Marx, Late Capitalism, And The Hunger Games

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Marx, Late Capitalism, and the Hunger Games
In his papers, Marx outlines his thoughts on communism and how it would work in a modern setting. Three main points that Marx presents in his papers are that: all value is labor, all value comes from exploitation, and eventually this exploitation will lead to a revolution. In Marxism, the end ideal is that the proletariat, the lower class, will revolt and overthrow the bourgeoisie, the upper class. This ideal is very similarly drawn out in the Suzanne Collins best selling novel trilogy The Hunger Games. This is especially shown in the second novel, Catching Fire. In Catching Fire entertainment is used to quell ideas of revolution. The idea being that if you allow the people to revolt through entertainment, they won’t reach a revolution in actual society. However, in the hunger games, this does not work and the eventually districts revolt.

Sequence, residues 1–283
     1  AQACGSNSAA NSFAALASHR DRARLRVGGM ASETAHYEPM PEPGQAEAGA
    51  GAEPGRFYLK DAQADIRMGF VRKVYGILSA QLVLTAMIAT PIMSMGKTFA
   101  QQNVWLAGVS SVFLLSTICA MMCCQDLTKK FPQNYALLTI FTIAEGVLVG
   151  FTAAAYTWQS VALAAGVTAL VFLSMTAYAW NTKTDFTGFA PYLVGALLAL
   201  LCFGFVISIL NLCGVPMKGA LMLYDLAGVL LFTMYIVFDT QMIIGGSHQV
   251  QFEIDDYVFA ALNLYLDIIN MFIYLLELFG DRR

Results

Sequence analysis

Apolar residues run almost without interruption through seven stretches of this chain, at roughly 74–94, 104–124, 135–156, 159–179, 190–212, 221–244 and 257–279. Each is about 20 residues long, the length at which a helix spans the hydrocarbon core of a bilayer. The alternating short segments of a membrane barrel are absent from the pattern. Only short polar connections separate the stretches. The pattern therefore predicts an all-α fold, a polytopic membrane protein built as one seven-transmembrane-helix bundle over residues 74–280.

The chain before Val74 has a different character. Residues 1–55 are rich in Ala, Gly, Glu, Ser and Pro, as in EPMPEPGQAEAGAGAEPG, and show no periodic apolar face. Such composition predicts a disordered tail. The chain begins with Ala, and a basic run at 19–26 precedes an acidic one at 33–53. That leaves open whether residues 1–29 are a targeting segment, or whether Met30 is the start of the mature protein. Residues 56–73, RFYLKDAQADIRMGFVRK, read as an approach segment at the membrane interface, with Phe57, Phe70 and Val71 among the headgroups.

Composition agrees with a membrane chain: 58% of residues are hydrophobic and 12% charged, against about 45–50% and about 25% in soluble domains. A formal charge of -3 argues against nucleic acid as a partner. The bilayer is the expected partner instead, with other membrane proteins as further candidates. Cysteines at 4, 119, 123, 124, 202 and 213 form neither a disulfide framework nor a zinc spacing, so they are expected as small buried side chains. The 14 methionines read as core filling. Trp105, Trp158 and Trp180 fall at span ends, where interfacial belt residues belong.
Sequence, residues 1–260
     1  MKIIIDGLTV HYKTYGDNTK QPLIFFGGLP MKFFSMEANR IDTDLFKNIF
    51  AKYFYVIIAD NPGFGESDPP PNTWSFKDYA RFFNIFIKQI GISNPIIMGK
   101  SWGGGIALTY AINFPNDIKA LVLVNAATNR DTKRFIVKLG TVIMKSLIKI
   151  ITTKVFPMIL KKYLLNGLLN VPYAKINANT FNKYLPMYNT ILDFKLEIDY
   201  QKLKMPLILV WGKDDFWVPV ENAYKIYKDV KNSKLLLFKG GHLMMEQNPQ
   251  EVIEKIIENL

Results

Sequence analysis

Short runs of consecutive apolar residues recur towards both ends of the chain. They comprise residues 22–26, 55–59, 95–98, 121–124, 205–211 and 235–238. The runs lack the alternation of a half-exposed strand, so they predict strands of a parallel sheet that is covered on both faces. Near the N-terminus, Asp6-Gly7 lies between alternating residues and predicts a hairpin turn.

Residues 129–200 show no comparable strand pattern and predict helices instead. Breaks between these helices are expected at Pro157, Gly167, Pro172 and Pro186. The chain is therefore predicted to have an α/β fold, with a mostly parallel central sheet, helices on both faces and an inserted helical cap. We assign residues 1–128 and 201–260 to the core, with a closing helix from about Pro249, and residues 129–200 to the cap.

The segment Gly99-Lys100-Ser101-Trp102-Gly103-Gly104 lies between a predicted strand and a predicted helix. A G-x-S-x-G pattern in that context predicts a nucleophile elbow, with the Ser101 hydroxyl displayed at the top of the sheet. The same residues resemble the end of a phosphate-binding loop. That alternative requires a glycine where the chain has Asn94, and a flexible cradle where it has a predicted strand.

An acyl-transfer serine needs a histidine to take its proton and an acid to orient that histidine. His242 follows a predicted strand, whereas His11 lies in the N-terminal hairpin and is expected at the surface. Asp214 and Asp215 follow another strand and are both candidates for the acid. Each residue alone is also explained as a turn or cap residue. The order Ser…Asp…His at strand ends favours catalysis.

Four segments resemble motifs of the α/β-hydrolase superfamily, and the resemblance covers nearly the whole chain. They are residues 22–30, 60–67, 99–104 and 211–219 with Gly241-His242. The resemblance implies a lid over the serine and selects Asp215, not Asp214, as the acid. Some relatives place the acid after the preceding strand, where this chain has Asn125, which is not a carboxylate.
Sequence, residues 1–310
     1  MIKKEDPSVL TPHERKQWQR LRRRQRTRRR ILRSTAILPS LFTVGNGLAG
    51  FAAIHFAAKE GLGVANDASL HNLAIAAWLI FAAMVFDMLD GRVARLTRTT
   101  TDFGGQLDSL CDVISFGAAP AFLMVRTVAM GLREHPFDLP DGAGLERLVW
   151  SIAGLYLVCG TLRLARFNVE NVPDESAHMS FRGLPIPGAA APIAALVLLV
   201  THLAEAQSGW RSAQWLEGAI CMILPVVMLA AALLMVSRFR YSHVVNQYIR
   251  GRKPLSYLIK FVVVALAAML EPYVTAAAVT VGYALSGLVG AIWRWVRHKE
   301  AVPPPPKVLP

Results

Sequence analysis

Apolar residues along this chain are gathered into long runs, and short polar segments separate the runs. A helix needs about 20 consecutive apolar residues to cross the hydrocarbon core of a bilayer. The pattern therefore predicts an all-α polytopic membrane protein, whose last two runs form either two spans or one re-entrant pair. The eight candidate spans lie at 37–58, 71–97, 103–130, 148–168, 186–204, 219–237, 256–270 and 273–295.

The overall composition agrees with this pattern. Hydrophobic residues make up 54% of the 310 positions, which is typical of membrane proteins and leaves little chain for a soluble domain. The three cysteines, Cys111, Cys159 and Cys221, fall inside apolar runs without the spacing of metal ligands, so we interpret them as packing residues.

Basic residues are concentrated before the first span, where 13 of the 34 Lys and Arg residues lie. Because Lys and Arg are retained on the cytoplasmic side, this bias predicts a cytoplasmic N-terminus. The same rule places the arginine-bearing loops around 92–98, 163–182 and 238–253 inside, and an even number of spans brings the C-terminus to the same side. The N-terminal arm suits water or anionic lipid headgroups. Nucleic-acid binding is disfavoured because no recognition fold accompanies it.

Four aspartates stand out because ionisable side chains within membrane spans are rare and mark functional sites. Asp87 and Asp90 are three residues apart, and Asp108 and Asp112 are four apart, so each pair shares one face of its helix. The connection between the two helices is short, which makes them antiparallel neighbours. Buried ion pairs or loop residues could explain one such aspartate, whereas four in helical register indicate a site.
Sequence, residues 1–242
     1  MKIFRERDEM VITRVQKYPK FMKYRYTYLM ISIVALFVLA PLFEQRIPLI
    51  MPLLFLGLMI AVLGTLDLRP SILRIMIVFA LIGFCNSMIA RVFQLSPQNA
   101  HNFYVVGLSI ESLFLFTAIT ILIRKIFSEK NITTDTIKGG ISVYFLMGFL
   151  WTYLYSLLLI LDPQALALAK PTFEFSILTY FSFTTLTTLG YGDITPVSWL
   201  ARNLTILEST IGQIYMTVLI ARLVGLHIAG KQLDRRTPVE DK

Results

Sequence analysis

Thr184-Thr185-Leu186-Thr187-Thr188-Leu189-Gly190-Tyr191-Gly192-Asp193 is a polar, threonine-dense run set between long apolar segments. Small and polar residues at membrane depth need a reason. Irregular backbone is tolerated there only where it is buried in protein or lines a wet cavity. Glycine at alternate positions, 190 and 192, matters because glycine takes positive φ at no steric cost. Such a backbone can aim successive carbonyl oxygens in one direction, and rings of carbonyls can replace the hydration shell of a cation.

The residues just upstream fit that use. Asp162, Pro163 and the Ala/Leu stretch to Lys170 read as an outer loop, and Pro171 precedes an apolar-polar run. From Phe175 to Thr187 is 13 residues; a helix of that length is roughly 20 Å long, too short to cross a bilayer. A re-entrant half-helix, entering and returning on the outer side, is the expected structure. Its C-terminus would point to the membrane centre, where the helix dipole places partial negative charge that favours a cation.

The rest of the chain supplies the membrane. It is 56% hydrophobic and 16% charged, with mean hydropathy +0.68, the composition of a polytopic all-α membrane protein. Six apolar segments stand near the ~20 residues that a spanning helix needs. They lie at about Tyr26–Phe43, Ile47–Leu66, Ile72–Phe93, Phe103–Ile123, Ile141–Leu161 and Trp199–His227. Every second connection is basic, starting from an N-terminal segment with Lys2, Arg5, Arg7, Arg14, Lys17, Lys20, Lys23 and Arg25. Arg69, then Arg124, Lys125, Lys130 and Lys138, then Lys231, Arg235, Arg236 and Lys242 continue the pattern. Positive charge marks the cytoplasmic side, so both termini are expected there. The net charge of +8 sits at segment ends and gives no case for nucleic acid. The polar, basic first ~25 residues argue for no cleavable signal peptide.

In his papers, Marx states, “The modern bourgeois society that has sprouted from the ruins of feudal society has not done away with class antagonisms. It has but established new classes, new conditions of oppression, new forms of struggle in place of the old ones. (Marx)” In a feudal society there are essentially three classes: the lords and their upper class, the craftsmen, and the serfs. Marx says that from this hierarchal system grew the bourgeoisie and the proletariat. In Marxism, labor is the means by which value is determined. That is to say, all value is labor. The bourgeoisie use
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